Anaheim Angels: The Angels moved up as the odds-on favorite in the west with the surprise free agent signing of Vladimir Guerrero over the week, adding one of the top young stars in the game to the middle of their already potent lineup. Guerrero's numbers in Anaheim's hitter-friendly ballpark will likely improve, especially with names like Troy Glaus, Garrett Anderson, Tim Salmon, and Darin Erstad around him in the lineup. Guerrero's status as one of the top producing outfielders only improves with the move across the continent. The lone question surrounding the 27-year-old is his recent back troubles, which may have scared other teams away from outbidding the Angels.
Baltimore Orioles: One new addition for the Orioles that actually shouldn't be on many draft lists is Mike Dejean. Dejean, who previously pitched with the Brewers, won't have the closer's job, as it is Jorge Julio's to lose. Julio, who throws a hard fastball and slider, had an up and down season last year, showing hints of domination and also showing hints of why the the Expos traded him for Ryan Minor. Julio is young though, only 24, and with an improved offense coming to town and the addition of Sidney Ponson, he should have plenty of opportunities to get some saves.
Boston Red Sox: For those in very deep fantasy leagues or someone in desperate need of pitching, the fifth spot in the Red Sox rotation could prove to be very interesting. With the reports being that the Sox are close to agreeing to terms with Byung-Hyun Kim, it leaves him and Bronson Arroyo to battle for the fifth spot in the rotation. Kim is still a very young pitcher who still may be a couple of years away from his prime. He has all of the talent and the tools to be a solid major league starter, but it remains to be seen if he has the mental toughness to succeed in Boston. Arroyo is not going to overpower anybody by any means, but he just gets people out. He was clearly the best pitcher in the Sox farm system last season, and did not do anything to hurt his status during his time with the big club. Whoever ends up winning the battle is in a definite position to succeed. With one of the leagues best offenses and a much improved bullpen behind them, the fifth starter should be good for at least 13-15 wins.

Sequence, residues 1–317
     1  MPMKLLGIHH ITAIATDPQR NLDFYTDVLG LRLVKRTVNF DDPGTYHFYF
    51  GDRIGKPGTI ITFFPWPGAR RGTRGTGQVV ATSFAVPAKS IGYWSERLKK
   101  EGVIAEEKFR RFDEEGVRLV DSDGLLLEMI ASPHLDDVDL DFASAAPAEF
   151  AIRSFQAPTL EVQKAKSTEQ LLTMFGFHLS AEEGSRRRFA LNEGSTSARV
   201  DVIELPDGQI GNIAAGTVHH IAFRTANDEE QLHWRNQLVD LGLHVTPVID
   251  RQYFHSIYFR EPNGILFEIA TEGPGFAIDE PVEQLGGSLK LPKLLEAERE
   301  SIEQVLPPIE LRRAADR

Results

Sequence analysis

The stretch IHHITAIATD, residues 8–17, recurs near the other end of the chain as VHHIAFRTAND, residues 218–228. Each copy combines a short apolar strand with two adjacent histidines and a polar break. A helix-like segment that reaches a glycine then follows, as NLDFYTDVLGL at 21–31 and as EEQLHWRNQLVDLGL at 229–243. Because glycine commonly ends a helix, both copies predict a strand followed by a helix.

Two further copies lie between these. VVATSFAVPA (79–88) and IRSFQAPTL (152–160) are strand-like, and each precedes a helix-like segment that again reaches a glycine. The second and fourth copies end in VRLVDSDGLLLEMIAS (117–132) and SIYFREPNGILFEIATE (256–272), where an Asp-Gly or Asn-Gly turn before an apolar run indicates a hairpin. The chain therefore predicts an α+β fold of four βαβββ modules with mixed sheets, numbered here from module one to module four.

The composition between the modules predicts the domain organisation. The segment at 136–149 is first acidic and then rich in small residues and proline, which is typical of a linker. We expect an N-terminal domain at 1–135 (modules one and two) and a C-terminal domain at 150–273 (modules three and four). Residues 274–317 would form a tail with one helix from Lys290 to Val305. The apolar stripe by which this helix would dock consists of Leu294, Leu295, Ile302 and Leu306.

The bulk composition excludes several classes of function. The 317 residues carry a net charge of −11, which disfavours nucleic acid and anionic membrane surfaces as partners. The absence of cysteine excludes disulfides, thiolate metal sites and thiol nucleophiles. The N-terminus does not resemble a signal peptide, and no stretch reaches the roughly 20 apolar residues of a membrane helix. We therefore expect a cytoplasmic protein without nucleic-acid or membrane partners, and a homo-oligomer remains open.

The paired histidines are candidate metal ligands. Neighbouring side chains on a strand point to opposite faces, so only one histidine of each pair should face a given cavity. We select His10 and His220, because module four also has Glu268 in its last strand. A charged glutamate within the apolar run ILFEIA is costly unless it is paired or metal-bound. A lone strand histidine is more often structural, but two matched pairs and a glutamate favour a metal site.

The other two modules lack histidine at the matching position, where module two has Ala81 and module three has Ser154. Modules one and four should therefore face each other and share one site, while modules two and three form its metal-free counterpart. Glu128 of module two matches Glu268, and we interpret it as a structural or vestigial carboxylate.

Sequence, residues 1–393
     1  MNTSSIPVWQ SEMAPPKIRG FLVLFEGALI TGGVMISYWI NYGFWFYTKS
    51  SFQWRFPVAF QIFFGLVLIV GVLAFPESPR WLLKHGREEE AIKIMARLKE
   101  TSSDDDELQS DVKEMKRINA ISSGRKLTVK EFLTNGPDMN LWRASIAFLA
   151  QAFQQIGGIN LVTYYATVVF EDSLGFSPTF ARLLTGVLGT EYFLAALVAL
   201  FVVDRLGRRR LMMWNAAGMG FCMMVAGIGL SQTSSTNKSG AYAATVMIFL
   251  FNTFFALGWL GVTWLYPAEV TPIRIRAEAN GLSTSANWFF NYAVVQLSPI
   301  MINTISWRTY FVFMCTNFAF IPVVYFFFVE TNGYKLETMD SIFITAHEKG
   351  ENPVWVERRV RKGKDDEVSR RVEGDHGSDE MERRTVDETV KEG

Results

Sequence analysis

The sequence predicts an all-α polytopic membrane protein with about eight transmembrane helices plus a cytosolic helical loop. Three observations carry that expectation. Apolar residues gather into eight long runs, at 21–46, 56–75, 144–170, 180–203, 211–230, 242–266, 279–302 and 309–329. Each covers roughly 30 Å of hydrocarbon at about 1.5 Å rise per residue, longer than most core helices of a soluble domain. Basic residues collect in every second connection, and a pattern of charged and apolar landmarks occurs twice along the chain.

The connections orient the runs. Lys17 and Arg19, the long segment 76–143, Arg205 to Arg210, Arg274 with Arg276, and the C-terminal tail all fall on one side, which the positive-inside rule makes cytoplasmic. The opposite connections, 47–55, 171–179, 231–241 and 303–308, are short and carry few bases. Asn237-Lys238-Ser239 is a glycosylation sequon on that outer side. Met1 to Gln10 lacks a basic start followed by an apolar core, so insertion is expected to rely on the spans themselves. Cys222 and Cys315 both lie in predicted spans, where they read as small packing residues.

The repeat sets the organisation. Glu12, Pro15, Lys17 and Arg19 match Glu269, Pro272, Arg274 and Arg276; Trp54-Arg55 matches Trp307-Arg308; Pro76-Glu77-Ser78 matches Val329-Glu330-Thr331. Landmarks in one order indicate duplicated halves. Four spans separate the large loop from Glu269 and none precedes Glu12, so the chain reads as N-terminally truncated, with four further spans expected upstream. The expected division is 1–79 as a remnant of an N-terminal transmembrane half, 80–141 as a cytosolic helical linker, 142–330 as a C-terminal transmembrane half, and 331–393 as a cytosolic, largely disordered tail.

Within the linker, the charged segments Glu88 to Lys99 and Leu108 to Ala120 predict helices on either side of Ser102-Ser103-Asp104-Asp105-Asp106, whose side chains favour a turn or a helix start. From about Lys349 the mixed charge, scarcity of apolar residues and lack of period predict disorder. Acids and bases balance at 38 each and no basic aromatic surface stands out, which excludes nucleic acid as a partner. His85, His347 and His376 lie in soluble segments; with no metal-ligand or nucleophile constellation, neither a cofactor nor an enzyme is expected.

Chicago White Sox: The White Sox exercised their club option on Jose Valentin this offseason, retaining him as their short stop for the 2004 season. Valentin continued to be an all or nothing hitter in 2003, hitting 28 homers, but only managing a .237 average. He also struck out 114 times, with 74 RBI's, and a .313 OBP. His numbers are a bit strange for a short stop, but the Sox like the production that he has despite his low average. His on base percentage slightly offsets his average, but a fantasy owner will want a short stop who produces better on a more consistent basis. His fielding was worse than it had been before, as he committed 20 errors last year, amassing a .969 fielding average. Valentin will probably not be a White Sock in 2005, and its probably not a good idea to make him part of your fantasy team in 2004.
Cleveland Indians: Since Omar Vizquel isn't going anywhere now, we might as well take a look at how he could help your fantasy team next season. The shortstop had a career year in 2002, but was awful and injured in 2003. If he's healthy (and Seattle didn't think he was), Vizquel could hit .270 with five or so homeruns and about 60 RBI. See how he performs in Spring Training before you go after him in a draft.